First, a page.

Proposals to upgrade Boston Street from Fells Point to Canton, including one to widen the bumpy four-lane thoroughfare to six lanes, have sparked conflict among Southeast Baltimore community groups.
Fells Point residents and business owners worry that traffic from a widened Boston Street will bottleneck at the entrance to their historic neighborhood.
A Canton watchdog group worries that a wider street may be a waste of money when mass transit alternatives have not been explored.
And newcomers to the Canton area, who purchased expensive waterfront homes, believe widening Boston Street, from Chester to Conkling streets, is long overdue.
Officials at the Interstate Division for Baltimore City asked for comments at a recent public hearing on the five proposals for the one-mile stretch of Boston Street that runs along the waterfront. Any road building would be financed by the Federal Highway Administration.
Officials are considering the proposals because studies show the volume of traffic on Boston Street is expected to double by 2015 because of residential development along the Canton waterfront.
The five proposals and their costs are:
* Doing nothing at no cost.
* Rebuilding the road at its current width, $8.6 million.
* Rebuilding the road at its current width and enhancing intersections of other east-west streets, $8.8 million. The proposal does not name the streets.
* Rebuilding and widening the road to include four lanes of traffic, a center turn lane and two permanent parking lanes, $14.7 million
* Rebuilding and widening the road to include six lanes of traffic, $14.6 million.
Officials will decide which proposal to recommend to the Federal Highway Administration by the end of the year, said Faysal Thameen, chief of the interstate division.
No residents or businesses would be displaced under any of the proposals because the city owns most of the land needed for widening the road, officials said.
In an interview last week, Dr. Selvin Passen, president of the Anchorage Tower Condominium Association, who moved to the waterfront high-rise five years ago, said condominium owners look forward to a wider, rebuilt Boston Street, though six lanes may be unnecessary.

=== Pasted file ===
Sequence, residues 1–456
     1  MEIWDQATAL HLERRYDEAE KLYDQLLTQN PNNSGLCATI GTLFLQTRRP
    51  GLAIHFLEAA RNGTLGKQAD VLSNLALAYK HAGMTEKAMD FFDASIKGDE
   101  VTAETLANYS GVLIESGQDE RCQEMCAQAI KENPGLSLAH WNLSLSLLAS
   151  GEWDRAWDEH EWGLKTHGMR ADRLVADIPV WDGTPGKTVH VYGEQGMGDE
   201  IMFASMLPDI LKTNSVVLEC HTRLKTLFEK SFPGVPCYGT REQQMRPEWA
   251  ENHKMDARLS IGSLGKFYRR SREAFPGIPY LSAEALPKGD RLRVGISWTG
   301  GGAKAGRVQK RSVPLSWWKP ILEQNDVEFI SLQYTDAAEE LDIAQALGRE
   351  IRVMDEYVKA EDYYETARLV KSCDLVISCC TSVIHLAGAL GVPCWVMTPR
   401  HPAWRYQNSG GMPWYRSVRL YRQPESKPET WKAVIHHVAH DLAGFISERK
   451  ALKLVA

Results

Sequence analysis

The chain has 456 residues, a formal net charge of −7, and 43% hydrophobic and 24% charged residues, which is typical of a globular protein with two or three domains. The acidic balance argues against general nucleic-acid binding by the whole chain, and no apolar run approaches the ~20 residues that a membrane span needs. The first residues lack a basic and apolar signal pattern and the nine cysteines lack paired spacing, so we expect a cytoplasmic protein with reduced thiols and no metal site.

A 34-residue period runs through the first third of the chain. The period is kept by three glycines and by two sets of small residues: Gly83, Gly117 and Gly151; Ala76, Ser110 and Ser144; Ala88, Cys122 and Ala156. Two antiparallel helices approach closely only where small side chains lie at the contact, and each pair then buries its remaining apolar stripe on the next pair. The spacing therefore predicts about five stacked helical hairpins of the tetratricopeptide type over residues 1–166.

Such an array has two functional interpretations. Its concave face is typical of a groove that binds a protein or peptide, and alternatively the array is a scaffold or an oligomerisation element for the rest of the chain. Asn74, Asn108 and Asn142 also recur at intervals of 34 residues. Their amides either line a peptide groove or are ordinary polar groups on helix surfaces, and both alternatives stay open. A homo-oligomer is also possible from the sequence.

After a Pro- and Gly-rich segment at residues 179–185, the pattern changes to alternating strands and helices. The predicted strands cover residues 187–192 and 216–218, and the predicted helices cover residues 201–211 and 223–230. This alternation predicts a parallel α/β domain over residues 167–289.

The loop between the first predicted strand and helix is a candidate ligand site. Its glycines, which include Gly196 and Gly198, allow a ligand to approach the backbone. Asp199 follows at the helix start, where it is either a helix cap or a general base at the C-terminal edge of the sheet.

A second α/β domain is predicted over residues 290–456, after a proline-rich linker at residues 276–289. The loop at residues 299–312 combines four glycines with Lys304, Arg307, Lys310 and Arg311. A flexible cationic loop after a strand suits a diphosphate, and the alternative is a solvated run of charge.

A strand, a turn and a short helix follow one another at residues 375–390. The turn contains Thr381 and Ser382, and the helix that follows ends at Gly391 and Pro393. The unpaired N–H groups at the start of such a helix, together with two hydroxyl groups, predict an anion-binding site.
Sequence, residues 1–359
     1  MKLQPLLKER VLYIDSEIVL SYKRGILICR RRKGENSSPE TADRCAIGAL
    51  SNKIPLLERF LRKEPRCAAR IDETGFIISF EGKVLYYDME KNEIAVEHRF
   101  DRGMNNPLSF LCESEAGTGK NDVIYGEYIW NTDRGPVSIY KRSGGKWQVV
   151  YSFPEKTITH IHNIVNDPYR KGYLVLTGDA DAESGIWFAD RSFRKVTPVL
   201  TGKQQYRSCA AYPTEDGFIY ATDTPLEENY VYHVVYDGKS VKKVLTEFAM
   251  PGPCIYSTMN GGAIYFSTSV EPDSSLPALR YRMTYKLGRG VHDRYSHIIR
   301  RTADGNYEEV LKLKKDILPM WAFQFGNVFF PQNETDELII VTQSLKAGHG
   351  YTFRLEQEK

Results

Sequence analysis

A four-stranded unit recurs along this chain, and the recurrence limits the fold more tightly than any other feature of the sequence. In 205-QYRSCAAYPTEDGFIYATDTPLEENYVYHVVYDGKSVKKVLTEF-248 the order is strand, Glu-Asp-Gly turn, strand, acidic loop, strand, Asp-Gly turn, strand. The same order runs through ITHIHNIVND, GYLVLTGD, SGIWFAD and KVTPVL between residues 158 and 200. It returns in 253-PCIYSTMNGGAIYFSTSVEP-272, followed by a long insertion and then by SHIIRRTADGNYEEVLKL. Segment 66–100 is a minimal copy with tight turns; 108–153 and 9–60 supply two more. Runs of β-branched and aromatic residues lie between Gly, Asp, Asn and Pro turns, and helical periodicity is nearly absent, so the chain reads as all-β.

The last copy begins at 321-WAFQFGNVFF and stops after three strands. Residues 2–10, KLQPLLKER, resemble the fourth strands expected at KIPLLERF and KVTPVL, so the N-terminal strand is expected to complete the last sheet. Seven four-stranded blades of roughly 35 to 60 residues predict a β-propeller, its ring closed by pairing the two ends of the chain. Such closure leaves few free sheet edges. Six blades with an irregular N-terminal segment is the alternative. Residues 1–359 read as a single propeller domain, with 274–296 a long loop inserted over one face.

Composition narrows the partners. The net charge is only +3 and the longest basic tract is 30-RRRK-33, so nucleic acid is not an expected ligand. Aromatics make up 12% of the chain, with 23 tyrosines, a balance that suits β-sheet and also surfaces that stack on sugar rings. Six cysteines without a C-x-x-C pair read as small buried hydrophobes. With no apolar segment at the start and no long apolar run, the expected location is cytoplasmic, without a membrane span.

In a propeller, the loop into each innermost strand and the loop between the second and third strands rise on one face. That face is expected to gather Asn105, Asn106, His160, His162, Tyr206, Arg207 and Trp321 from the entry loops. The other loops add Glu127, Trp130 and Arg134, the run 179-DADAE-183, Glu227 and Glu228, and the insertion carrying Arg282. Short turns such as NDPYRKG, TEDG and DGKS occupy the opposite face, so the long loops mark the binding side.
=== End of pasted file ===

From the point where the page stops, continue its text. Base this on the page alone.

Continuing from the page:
"A lot of us bought there with the basic idea that they were going to put a boulevard in," he said. "They enticed a lot of us from Baltimore County. We've been down there for five years, and nothing's gotten done.
"Four-lane streets with two lanes of traffic and two of parking is totally inadequate," he said of the current street.
"During peak traffic times, you can't see everything that's coming because of parking on the street," Dr. Passen said, adding that the quality of the street -- with potholes and exposed railroad tracks -- "is terrible."
Tom Durel, president of the Fells Point Homeowners Association, said that although the proposals affect Boston Street in Canton, widening the road could seriously affect his neighborhood to the west.
"It clearly has a significant impact on our streets. We are concerned that if too much [traffic] is on Boston Street, how does it dissipate once it gets to Fells Point?"
He said he is worried the city will make Aliceanna and Fleet streets -- which now run east-west -- one-way to carry the heavy load of traffic in and out of Fells Point, making it more difficult to get to local businesses.
Roland Daniels, president of the Canton Square Homeowners Association, north of Boston Street in Canton, said his group is more concerned about getting the road rebuilt and retaining access to the waterfront than having it widened.
Carolyn Boitnott, a member of the Waterfront Coalition -- a watchdog group of communities concerned about overdevelopment of the waterfront -- said the group would like to see the road rebuilt but not widened.
She criticized the city for not considering alternative methods of transportation, such as trolleys, light rail, or even bicycle paths.
"This does not do anything but move people in cars," Ms. Boitnott said of the proposals to improve Boston Street.